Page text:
(EFFINGHAM, IL) – HSHS St. Anthony’s Memorial Hospital is concerned about the health of the community. Because of this, St. Anthony’s has made the pledge to help increase colorectal cancer screening rates by supporting the 80% by 2018 initiative, a shared goal to have 80% of adults aged 50 and older regularly screened for colorectal cancer by 2018. The 80% by 2018 initiative is led by the American Cancer Society (ACS), the Centers for Disease Control and Prevention (CDC) and the National Colorectal Cancer Roundtable (an organization co-founded by ACS and CDC).
St. Anthony’s will hold the Colorectal Cancer Awareness Fair on Thursday, March 23 from 7-9 a.m. and 4-6 p.m. in the hospital Auditorium – St. Francis Room. If you or your family member are age 50 or older, or indicated for a screening due to a colon cancer diagnosis of a first-degree relative, you should be tested. Eligible participants may participate in the awareness event to learn more about your screening options, take home a FIT test at no charge, or receive information on how to schedule a colonoscopy. Please check with your insurance provider on coverage for colonoscopy.
Colorectal cancer screenings have been proven to save lives. The vast majority of cases of colorectal cancer occur in people age 50 and older. Therefore, part of recommended screenings for people age 50 and older is a colorectal screening. Colorectal cancer in its early stages usually has no symptoms, so everyone 50 and older should get tested. There are several screening options – even take-home options – available. Testing may include:
Fecal Immunochemical (or Immunohistochemical) Test (FIT, also known as iFOBT) – a fecal blood test should be done every year. Please note that most insurance providers only cover a FIT take-home screening test once every 12 months.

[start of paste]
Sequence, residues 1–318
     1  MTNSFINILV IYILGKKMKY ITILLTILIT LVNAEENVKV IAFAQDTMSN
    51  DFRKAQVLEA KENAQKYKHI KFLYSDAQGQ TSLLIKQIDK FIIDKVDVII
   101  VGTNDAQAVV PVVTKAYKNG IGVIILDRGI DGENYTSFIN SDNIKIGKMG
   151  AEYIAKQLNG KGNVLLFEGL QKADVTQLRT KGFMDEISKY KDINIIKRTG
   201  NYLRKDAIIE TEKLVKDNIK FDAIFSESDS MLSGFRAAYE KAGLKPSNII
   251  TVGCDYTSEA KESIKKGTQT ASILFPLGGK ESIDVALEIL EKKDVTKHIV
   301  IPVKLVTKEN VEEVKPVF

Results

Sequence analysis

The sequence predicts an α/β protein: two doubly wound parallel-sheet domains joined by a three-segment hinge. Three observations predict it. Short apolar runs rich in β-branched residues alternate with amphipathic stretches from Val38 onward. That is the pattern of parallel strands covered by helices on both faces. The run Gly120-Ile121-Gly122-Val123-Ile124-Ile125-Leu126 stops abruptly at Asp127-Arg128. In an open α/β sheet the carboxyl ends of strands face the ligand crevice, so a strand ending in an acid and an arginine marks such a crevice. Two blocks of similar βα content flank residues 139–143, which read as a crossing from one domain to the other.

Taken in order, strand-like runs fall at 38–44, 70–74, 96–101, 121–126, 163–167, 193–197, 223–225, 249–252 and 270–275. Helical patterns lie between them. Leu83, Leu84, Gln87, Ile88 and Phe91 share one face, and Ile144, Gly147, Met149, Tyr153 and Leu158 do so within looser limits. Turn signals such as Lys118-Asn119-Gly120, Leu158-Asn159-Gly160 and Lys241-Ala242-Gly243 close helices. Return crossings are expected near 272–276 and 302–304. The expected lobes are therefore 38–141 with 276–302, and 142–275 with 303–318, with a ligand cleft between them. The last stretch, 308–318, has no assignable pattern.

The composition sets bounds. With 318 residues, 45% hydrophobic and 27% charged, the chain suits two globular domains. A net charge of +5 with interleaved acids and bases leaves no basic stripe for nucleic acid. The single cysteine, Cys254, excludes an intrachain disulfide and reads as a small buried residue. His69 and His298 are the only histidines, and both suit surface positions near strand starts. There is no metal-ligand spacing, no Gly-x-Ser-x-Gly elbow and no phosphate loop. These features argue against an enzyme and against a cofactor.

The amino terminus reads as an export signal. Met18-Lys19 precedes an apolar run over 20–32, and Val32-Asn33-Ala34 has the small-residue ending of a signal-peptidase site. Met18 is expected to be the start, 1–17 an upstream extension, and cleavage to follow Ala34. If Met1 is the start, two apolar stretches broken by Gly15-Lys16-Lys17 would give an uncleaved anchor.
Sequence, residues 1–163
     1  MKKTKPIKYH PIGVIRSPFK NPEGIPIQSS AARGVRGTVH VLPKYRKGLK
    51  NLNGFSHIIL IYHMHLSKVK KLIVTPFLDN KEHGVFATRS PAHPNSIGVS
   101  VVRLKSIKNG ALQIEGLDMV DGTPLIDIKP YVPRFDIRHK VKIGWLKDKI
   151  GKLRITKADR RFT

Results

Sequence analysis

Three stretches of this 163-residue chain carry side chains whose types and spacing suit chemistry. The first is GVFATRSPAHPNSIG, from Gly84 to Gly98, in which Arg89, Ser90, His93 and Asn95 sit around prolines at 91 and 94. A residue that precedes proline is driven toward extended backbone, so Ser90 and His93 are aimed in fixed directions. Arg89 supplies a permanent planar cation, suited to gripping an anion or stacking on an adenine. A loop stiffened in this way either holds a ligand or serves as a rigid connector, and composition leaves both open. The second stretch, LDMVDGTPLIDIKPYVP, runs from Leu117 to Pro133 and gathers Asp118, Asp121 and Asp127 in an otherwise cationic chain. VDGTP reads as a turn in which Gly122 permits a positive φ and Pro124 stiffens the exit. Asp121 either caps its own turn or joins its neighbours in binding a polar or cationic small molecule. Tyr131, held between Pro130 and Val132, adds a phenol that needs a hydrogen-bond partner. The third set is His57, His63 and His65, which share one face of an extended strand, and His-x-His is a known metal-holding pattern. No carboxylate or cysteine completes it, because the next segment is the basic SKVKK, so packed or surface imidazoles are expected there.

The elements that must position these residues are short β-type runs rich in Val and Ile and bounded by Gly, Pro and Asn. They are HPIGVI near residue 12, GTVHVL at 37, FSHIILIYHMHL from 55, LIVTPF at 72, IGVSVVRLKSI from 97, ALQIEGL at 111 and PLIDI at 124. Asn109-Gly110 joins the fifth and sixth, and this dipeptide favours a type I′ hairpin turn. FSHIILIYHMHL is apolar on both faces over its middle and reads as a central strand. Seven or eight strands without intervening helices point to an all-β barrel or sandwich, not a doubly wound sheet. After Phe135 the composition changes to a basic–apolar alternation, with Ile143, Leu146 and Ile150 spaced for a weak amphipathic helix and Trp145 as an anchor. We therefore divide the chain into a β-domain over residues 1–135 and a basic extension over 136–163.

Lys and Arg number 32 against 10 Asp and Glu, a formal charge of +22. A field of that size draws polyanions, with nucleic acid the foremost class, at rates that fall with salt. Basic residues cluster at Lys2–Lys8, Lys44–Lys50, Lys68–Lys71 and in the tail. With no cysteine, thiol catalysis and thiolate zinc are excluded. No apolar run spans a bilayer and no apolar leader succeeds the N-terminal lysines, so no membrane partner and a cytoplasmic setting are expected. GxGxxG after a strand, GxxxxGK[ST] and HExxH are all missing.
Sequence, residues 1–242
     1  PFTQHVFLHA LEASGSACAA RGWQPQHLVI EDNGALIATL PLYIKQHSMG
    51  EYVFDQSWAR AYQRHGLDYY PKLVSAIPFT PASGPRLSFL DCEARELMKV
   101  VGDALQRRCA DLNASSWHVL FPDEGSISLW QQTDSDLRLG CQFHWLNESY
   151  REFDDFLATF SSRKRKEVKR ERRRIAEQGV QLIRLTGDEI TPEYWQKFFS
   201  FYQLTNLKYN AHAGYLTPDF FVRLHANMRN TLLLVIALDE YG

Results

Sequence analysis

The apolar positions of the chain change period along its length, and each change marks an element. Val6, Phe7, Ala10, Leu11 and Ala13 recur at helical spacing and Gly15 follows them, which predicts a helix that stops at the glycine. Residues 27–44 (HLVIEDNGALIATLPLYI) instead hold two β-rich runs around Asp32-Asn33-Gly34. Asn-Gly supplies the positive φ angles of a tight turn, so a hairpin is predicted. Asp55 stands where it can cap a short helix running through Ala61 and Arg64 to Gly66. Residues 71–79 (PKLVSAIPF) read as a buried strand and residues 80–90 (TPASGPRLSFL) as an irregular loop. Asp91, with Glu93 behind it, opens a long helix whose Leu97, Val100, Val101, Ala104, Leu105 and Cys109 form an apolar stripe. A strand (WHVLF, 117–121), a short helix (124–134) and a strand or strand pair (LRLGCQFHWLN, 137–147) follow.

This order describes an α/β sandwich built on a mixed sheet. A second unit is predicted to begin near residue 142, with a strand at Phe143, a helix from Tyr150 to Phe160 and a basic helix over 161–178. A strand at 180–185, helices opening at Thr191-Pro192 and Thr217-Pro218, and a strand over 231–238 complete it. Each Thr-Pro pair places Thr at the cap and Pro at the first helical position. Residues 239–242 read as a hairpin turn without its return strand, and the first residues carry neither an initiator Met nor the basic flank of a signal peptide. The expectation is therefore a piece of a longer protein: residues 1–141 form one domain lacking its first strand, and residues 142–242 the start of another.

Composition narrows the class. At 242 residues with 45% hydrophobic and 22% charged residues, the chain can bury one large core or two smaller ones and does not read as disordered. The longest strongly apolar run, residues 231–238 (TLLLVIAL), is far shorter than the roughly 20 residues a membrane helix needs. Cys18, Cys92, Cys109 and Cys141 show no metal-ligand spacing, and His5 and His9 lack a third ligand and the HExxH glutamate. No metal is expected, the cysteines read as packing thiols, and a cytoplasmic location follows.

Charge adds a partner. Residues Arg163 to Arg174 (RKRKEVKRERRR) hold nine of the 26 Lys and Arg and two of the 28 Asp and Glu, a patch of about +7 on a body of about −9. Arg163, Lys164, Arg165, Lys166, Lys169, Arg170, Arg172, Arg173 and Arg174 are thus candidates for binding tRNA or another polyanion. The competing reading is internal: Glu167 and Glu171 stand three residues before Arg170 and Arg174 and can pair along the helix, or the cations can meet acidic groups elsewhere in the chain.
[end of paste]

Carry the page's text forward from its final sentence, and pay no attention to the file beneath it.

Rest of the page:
Colonoscopy – Depending on findings, a colonoscopy is normally repeated every 5 to 10 years.
Colorectal cancer is the nation’s second-leading cause of cancer-related deaths when men and women are combined. However, routine screening can prevent colon cancer or find it at an early, treatable stage. According to the hospital’s cancer registry, 43 percent of patients diagnosed with colorectal cancer were at stage 3 or 4 in 2014. Treatment at these later stages normally includes surgery followed by chemotherapy. However, if found at an earlier stage, treatment usually only involves surgery. Through proper colorectal cancer screening, doctors can find and remove hidden growths (called “polyps”) in the colon, before they become cancerous. Removing polyps may prevent colorectal cancer altogether.
If you have not been screened, plan to attend the Colorectal Cancer Awareness Fair. If you have already been screened, talk to your friends and family who are over 50 years of age about getting screened. Together, we can help to eliminate colorectal cancer as a major public health problem.
For more information regarding this event or any community programs, contact Community Programs, at (217) 347-1529